3. Enabling women in leadership: Increased representation of women in senior management and technical roles.
  4. Addressing gender stereotypes: Gender diverse teams within workplaces.

Our approach within each of these supply chains is defined by three pillars: improving standards for people working in our own operations and our supply chains through continuous improvement programmes with suppliers, driving transformative industry-wide efforts to address endemic labour and community issues, and using our convening power to advocate for change.

1. Improve

We partner with NGOs (Non-Governmental Organisations) and the wider industry to address challenges facing women in our supply chains. We are working with IDH and Unilever to create the Women’s Accelerator Safety Fund that enables safe and empowering workplaces for women workers in the Tea sector.  The initiative will implement the Global safety framework for rural spaces to ensure that women and girls are socially, economically and politically empowered, build capacity of local stakeholders to strengthen services for victims of sexual harassment and other forms of violence as well as establish a private public platform to advocate for sustainable change. This will include engagement with government to ensure effective policy implementation. The fund will focus on reaching 200,000 women in Assam with the ambition to scale and replicate this beyond the tea sector.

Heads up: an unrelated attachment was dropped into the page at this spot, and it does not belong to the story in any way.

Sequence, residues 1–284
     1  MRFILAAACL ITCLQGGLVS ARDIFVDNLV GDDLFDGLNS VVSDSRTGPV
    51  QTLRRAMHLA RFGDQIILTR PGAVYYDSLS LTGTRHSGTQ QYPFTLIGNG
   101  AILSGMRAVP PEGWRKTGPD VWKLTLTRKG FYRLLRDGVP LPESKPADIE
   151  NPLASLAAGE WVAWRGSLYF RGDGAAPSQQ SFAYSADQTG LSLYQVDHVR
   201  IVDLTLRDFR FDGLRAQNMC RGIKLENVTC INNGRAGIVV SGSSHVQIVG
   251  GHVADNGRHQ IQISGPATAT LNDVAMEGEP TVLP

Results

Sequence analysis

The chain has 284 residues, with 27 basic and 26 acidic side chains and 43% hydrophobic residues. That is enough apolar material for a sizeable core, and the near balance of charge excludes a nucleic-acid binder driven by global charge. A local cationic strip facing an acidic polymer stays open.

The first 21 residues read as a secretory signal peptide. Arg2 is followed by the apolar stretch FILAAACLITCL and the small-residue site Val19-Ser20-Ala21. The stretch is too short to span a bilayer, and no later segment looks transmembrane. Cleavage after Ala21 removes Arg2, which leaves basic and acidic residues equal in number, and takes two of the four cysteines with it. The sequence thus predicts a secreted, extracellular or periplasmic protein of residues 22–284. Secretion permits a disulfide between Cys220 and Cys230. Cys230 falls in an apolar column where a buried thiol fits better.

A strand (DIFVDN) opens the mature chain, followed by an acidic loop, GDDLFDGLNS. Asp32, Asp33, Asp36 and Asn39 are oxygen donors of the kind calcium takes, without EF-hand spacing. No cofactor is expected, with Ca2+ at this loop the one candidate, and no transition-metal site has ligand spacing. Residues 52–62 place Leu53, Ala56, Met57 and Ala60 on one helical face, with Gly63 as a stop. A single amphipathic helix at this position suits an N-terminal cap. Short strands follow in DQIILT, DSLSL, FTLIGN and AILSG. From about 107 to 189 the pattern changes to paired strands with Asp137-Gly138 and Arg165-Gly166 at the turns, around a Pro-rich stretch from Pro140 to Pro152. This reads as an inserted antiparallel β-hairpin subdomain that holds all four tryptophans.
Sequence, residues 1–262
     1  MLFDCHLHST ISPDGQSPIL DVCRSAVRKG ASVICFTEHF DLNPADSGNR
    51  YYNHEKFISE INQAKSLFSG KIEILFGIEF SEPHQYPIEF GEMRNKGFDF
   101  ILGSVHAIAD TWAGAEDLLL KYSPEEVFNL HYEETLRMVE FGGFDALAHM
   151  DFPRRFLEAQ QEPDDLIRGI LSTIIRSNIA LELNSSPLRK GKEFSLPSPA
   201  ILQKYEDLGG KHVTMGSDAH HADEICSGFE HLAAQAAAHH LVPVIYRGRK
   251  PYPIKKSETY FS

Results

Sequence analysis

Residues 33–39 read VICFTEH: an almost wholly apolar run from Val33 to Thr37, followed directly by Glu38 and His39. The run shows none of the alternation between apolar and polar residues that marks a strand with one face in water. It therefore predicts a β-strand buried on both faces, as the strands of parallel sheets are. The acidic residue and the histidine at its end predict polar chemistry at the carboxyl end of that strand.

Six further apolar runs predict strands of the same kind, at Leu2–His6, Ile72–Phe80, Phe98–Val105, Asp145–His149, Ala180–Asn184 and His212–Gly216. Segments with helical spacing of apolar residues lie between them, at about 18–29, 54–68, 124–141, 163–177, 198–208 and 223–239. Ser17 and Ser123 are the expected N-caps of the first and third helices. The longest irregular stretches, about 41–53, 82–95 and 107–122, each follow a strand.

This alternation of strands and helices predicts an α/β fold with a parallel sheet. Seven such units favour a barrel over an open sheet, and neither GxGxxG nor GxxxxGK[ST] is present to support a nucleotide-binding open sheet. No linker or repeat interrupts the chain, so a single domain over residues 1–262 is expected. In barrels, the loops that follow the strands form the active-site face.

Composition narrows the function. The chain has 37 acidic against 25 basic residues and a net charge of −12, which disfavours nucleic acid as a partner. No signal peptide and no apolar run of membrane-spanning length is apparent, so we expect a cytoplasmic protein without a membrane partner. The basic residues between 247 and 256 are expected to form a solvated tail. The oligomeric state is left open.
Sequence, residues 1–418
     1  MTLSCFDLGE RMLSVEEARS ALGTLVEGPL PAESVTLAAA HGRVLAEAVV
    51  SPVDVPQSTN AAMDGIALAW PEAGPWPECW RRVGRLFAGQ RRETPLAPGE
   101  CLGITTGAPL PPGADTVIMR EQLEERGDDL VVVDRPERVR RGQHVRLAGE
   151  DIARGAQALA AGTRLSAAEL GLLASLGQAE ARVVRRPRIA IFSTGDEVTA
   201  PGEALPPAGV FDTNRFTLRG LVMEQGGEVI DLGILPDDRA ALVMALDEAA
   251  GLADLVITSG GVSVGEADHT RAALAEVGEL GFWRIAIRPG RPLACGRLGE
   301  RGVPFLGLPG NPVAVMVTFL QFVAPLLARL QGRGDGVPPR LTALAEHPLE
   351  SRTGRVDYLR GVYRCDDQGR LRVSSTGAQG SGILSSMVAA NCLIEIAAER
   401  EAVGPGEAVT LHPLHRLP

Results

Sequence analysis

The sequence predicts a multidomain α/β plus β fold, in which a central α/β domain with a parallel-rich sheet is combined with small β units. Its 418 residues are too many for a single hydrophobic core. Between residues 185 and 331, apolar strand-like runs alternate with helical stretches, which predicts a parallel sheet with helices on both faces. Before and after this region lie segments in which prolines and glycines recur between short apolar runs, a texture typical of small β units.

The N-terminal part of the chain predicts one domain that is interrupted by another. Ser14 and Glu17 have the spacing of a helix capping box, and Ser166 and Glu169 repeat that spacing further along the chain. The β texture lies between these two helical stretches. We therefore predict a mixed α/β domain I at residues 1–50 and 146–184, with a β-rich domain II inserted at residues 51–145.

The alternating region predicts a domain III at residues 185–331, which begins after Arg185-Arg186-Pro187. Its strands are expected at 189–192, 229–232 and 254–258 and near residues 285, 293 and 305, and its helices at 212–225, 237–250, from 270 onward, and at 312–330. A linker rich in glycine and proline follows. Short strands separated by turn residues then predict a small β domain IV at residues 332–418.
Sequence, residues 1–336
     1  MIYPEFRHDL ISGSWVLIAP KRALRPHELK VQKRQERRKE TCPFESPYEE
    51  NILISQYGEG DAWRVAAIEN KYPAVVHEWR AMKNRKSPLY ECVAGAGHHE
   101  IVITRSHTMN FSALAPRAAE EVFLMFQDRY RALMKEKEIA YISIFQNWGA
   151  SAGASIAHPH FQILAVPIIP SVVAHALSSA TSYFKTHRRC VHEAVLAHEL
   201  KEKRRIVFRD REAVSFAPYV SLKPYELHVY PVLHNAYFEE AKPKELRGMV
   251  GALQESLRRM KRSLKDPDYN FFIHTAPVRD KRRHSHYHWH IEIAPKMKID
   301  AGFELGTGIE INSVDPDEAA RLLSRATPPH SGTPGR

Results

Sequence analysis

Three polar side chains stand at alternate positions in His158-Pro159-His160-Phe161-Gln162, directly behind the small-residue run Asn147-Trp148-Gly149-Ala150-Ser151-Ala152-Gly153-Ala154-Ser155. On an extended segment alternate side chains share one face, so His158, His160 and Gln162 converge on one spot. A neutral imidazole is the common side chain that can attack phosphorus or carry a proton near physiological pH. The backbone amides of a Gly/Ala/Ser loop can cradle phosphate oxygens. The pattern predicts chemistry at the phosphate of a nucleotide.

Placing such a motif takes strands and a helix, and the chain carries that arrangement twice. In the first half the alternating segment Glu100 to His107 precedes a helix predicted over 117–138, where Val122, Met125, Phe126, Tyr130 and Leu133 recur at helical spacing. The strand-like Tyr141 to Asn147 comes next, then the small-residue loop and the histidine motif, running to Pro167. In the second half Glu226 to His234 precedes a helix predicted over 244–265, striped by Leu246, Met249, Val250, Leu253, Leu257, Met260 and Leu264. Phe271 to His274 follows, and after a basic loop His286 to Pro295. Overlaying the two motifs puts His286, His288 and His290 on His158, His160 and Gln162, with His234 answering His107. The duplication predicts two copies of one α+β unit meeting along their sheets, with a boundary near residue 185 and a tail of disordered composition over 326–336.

Amongst our human rights priorities is a key belief that women should be fairly represented in management in all workplaces, including our own business and throughout our supply chain. In October 2021 we announced that we are working with our direct food and non-food suppliers to ensure that at least 30% of supervisory and management roles are occupied by women by the end of 2025. We want to increase representation in leadership and ensure those previously disadvantaged, particularly women in low paying jobs with limited security, have opportunities for development and progression. As part of this we have asked our suppliers to

  • Analyse the current breakdown of their total workforce down to farm level where applicable which will include seasonal workforce.
  • Develop action plans to improve representation where it currently falls short.
  • Report annual progress to ensure 30% is reached by 2025.

To support this ambition, we ran several supplier webinars focusing on gender inequalities in supply chains, encouraging solutions such as the Women Empowerment Principles (WEP) to drive progress in this area. Through these workshops we have shared learnings with suppliers and demonstrated the benefits that WEP have provided in shaping our gender strategy to focus on areas where we could leverage maximum impact.